“Great,” I said, and thought of the labor that lay ahead.


The lamb stayed wrapped and untouched in the refrigerator, then migrated to the freezer, as it became apparent to my parents that I would not find the time to make it. Finally my father pulled it out of the freezer and said, “I’ll make it for you.”


I came home from work and found him puzzling over it in the kitchen. My mother was busy preparing the night’s vegetables and my father had already put some buns in the steamer. Everything about to be consumed was Chinese, prepared in a Chinese way. Except for the lamb.


My parents heard me close the door and excitedly my mother called out, “Oh thank goodness you’re home! Quick! Come teach your father how the westerners cook this lamb. Where do you start?”


My father, nearly blind, was squinting at the tiny letters on the vacuum wrap, which boasted two options for optimal enjoyment of the meat product inside: roasted or pan fried.


“Which is better?”


I was hungry. “Which is faster?”


“I don’t know…I think…pa-“


I shook my head and went to my room, wondering if I should just tell him to put the lamb away. I wasn’t in the mood to deal with cooking. Not tonight, not ever, it seemed. I stood in front of my desk, paging through a magazine I didn’t want to read.


My parent’s voices wafted in from the kitchen.


“Oh don’t bother her,” my father said, “She’s tired. It can’t be this hard, cooking a rack of lamb. If she likes it she’ll eat it more often and her hands won’t be so cold.”


My hands were cold. Not from disuse, but from unvaried use. Or imbalanced use. I used them at work to do things for other people. Then at home, only selfishly, to page through glossy fashion magazines and to fix my own breakfast. They really haven’t done much recently for my parents, whose hands do something every day for me, from laundry to dinners to lunches to buying the groceries to make those dinners and lunches.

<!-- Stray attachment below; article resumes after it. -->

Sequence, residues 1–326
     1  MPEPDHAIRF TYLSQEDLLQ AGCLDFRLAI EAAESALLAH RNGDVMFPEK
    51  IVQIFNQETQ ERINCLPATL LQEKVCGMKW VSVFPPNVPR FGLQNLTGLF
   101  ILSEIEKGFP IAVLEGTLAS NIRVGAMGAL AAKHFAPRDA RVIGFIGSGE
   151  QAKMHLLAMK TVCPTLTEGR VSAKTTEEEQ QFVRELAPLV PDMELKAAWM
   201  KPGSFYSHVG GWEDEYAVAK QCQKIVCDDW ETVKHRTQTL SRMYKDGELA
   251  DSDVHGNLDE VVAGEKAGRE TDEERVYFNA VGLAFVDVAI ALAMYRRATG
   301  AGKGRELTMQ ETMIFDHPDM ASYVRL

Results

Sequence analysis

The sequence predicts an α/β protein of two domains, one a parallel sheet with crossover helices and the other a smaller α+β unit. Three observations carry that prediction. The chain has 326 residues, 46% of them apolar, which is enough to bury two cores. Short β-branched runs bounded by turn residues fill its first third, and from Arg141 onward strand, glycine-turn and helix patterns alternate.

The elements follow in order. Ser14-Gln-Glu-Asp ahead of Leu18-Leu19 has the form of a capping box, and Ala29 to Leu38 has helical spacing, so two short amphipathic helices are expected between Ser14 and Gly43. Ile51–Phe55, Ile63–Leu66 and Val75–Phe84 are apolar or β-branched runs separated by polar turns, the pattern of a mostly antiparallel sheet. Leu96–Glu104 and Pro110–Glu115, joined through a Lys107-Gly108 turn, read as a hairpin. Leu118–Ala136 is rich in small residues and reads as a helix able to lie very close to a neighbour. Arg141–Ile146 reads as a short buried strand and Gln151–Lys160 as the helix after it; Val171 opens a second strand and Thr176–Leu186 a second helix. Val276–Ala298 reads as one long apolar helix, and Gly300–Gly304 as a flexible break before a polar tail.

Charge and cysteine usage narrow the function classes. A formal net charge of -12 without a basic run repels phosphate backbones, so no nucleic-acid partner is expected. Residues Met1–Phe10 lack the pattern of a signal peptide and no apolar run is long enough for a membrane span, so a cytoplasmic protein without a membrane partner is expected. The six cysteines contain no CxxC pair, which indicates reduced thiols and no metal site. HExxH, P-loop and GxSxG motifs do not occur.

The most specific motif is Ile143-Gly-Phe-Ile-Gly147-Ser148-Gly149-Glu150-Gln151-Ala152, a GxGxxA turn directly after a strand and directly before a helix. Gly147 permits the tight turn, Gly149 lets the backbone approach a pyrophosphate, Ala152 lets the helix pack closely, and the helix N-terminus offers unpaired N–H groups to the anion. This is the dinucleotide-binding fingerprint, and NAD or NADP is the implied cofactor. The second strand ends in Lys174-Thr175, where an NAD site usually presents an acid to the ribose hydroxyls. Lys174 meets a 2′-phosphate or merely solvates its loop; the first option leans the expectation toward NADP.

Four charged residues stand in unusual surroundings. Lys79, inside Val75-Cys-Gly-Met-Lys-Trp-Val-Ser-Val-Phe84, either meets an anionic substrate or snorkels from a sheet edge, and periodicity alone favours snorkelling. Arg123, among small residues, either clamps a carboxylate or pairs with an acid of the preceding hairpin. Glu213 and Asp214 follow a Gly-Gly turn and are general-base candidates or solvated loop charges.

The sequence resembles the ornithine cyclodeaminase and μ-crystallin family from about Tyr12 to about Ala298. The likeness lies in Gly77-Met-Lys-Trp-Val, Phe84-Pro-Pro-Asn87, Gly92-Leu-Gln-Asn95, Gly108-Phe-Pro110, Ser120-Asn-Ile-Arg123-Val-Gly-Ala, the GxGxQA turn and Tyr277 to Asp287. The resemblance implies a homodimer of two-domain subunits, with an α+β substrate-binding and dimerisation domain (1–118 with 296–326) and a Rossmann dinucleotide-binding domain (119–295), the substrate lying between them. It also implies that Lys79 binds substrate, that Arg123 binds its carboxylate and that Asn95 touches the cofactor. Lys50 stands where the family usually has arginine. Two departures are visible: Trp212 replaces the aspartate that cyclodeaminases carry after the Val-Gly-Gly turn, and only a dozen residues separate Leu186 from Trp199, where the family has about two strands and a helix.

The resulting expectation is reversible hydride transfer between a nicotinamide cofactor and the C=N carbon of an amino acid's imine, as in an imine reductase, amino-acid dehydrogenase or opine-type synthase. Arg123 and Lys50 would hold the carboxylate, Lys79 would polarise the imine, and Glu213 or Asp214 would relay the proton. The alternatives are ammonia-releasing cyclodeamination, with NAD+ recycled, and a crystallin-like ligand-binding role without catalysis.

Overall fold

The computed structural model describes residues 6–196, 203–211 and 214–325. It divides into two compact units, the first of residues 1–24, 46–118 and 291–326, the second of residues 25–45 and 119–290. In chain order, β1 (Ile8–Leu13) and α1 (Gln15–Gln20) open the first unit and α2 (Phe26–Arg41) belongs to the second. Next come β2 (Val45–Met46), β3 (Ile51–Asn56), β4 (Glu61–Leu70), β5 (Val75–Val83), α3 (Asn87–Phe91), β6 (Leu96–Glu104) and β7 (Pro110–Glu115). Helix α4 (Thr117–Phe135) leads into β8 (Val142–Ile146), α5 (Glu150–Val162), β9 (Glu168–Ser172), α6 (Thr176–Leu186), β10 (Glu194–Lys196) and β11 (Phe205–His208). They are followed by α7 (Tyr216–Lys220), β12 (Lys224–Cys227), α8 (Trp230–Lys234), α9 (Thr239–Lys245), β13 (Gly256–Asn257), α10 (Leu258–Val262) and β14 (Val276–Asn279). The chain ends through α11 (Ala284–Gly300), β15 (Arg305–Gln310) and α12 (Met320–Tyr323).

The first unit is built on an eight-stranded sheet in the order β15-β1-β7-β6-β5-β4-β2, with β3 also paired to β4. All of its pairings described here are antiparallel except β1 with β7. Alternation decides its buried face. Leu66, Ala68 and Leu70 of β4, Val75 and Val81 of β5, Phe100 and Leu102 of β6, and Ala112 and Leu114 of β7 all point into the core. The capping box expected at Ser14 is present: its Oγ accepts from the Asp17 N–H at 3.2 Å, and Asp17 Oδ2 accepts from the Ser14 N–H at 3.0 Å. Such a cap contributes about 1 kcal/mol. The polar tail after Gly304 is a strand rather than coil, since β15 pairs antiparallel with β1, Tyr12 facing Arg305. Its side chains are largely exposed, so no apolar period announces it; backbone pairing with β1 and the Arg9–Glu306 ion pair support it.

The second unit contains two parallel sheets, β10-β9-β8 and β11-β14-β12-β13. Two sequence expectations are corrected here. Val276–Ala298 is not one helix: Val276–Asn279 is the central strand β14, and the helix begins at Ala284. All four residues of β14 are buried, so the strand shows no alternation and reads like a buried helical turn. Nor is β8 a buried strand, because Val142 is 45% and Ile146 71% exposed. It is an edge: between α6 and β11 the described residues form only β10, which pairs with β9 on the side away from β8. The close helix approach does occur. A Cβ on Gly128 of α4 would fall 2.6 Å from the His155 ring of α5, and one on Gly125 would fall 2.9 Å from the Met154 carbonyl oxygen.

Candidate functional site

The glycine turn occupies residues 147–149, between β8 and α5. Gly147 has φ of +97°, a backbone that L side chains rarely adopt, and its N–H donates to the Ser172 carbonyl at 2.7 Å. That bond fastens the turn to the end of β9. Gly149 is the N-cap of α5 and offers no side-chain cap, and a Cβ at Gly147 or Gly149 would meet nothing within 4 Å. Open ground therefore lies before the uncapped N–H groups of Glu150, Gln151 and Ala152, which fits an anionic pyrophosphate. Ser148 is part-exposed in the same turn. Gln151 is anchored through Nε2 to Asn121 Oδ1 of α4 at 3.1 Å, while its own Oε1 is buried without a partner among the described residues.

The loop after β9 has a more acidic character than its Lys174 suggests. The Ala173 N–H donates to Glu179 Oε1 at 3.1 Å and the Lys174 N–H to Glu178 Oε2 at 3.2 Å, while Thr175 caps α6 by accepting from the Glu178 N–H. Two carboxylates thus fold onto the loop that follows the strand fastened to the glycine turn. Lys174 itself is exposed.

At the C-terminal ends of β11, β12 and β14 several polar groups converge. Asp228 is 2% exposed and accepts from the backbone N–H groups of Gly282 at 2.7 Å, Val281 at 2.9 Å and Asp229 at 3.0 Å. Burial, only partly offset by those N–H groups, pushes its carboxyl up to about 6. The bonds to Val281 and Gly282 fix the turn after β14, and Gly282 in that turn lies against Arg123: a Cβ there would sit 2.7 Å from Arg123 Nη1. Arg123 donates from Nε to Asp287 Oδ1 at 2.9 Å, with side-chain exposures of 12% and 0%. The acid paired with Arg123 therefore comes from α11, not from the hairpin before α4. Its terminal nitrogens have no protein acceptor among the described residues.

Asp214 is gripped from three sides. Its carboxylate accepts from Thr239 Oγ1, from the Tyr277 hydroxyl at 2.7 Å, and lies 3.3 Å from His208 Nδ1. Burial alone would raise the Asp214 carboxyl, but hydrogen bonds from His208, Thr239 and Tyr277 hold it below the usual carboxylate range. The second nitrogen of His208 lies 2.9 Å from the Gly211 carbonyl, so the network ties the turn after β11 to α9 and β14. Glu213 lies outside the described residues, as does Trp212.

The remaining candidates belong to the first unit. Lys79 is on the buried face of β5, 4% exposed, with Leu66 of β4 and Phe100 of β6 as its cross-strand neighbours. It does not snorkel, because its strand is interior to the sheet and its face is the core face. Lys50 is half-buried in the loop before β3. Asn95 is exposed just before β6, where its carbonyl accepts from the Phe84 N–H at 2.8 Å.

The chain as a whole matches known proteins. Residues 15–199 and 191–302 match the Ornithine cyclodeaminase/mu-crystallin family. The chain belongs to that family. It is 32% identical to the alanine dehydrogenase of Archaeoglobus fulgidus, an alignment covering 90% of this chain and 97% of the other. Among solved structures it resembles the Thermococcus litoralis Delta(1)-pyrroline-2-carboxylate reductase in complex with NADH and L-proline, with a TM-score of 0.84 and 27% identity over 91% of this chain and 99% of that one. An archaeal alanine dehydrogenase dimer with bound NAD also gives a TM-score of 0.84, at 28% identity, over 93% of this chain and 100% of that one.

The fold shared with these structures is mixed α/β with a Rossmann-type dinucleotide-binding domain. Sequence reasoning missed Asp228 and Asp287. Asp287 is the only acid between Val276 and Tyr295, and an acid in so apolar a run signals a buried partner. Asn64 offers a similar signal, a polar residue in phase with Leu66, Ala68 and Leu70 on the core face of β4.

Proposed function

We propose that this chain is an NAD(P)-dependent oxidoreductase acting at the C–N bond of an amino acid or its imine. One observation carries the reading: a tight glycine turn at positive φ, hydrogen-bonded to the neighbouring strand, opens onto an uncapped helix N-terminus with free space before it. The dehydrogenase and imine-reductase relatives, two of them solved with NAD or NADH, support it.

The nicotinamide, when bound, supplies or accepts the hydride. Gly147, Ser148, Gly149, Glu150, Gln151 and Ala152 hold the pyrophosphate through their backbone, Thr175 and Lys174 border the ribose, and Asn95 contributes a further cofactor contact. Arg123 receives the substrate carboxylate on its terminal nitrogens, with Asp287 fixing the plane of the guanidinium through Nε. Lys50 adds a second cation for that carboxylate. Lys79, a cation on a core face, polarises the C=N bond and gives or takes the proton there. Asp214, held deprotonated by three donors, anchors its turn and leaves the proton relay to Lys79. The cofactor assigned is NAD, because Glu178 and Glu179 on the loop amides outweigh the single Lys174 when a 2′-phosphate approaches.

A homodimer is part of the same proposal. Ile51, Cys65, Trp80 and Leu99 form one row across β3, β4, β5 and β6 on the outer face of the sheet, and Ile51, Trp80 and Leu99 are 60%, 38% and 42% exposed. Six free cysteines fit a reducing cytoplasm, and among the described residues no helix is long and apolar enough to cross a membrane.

I set my bag down, changed my clothes and went out to the kitchen. My father had only just gotten the vacuum wrap off the rack of lamb and was about to cut the meat in a completely incorrect way.


“Move aside, Bah,” I said, “Let me do it.”


Well. I couldn’t chop the lamb – my father still had to do that – but once it was chopped, I pan fried the chops according to the directions on the package, in a pan on medium heat, in olive oil with some garlic chopped in, four minutes each side. They turned out perfect and we ate them with a salad and steamed wheat buns. A strange meal, but delicious all the same. My parents were so happy – marveling at the lamb’s natural flavor (something lost in the stew), and complimenting me on my innate talent for pan-frying. Low expectations? Or once high-expectations gradually lowered for an ungrateful daughter who, if she is not careful, would grow more and more selfish by the day.


At dinner’s end a bloody pile of bones lay on all our plates and it was decided that my father would buy another rack of lamb the next time he went to Costco.


“Who knew that those little bones could be so good!” my mother said, and my father nodded.


“I’ve never had lamb like that. It is quite good.”


I shrugged, wondering why I hadn’t bothered to cook it for them earlier. There was a lot I did without them, that they would enjoy, that they would never really find out about unless I shared. But most of the time I talked only about my problems at work and never really about my more social activities. At some point, it was my responsibility to teach them a thing or two about my world. I hadn’t been ready to assume the role yet, feeling sometimes like a sullen adult/child living in her old room. But step by step, I suppose.


My mother stood up and began to clear the plates.


My father stood too, “I’ll do the dishes,” he said, “after I cut the fruit.”


I rolled my eyes and waved them both away. “I’ll do the dishes,” I said. It was time too, to reclaim some of my old responsibilities.